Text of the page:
The most popular drink in Australia now is coffee.

  • countable or uncountable

I drank a cup of tea.

I drank tea.

  • first mentioned or subsequently mentioned

A cyclist crossed Trower Road on a red light and was lucky not to be hit by a car. However, the police noticed and stopped the cyclist further up the road.

  • is unique or forms part of shared knowledge

Do you know I saw Tony Blair in Geneva. Do you mean the Tony Blair?

Subject verb agreement

Most students are familiar with the basic rules of subject verb agreement.

Example: I live in Darwin, she lives in Melbourne and the Scotts live in Bendigo.

Complicated sentence structures

It becomes more complicated with the following sentence constructions:

Using a noun phrase

The Commission for Renewable Energy is convening the conference in Melbourne.

The repeated scene of rioting shown on television news leads some teenagers to believe that civil disorder can be a legitimate form of protest.

Indefinite pronoun such as someone, anyone

Anyone is going to get lost in the labyrinth of the Turkish bazaars.

A phrase starting with a quantifier such as some, any,

Some breakfast cereals have nutritious ingredients.

Any part of the crowd is at risk from the military.

Phrases using either ... or and neither ... nor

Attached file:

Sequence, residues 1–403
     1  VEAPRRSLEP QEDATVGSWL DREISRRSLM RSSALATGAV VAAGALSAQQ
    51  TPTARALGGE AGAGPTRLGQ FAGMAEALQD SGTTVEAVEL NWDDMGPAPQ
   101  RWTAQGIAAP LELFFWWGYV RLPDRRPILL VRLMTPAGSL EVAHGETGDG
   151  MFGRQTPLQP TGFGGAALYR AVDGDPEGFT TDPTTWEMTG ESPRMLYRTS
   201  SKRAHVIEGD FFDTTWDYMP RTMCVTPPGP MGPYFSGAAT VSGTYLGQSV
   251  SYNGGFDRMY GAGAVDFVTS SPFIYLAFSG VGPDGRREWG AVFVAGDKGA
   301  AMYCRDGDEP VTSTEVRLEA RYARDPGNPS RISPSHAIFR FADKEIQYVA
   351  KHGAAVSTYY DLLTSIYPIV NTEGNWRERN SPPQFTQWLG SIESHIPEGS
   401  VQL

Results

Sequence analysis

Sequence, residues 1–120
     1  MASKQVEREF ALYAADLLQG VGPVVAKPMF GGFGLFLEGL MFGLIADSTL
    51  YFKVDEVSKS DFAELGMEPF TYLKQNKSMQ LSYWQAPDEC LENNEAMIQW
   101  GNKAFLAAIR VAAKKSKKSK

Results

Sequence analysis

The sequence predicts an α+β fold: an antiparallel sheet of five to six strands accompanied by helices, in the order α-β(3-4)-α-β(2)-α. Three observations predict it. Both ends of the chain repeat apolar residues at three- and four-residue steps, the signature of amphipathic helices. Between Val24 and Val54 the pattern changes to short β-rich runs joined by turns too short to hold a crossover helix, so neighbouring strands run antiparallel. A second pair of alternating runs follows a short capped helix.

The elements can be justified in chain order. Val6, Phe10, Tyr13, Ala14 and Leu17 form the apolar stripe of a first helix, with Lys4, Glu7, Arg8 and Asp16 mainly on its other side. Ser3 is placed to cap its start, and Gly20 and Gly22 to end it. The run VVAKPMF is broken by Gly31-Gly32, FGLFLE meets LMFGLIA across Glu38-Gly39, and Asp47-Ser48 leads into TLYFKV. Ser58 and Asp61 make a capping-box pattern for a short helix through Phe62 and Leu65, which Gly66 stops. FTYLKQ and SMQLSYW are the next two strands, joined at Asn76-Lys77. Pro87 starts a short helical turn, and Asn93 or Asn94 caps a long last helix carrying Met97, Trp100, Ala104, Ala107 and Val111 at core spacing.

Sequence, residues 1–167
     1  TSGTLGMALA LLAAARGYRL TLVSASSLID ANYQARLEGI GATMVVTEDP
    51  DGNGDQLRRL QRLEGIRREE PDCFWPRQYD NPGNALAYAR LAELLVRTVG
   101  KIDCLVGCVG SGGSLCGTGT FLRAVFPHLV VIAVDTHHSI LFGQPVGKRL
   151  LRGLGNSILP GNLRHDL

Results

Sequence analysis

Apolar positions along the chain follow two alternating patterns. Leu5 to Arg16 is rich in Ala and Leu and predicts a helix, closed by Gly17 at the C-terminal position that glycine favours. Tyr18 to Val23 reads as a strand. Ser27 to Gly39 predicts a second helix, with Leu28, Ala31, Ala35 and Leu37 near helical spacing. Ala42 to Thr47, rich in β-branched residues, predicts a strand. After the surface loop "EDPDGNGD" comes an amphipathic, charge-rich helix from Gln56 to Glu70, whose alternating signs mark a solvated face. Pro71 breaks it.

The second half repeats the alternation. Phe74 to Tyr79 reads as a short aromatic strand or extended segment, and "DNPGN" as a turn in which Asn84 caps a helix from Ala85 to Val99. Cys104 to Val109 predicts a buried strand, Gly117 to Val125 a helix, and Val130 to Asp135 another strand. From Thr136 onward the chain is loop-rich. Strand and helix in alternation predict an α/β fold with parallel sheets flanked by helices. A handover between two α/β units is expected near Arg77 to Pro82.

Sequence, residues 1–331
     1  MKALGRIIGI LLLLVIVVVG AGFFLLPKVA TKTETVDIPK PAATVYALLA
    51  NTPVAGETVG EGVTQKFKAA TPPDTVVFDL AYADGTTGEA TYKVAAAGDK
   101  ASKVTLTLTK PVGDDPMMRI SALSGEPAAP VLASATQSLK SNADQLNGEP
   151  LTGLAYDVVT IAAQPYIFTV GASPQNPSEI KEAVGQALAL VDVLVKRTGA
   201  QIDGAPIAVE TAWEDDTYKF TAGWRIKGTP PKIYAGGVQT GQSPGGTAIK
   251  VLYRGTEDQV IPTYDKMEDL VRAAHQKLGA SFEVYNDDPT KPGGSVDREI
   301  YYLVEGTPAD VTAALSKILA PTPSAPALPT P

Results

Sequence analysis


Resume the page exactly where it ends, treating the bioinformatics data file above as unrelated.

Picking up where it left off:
The energy crisis will neither be solved by increasing the price of petrol nor by rationing fuel.

The energy crisis is not going to be solved by either increasing the price of petrol or by rationing fuel.

Complex sentences

The result of atmospheric pollution and soil degradation is the destruction of plant life and increased respiratory problems amongst the population.

Many people who have been unemployed for several years and have given up hope of ever obtaining paid employment are beginning to think about how they might start their own small business.

Sentences starting with words ending in 'ing'

Getting into town is going to be more difficult than we think after that heavy rain.

Going without water for more than three days is going to irreparably damage the vital organs of the body.

What to avoid in formal writing

When writing an essay, it is important to construct a reasoned argument that is supported by carefully researched evidence.

The language that you use needs to be precise and uncluttered by unnecessary devices which have the potential to distract the reader, shift the meaning or detract from the clarity of the argument.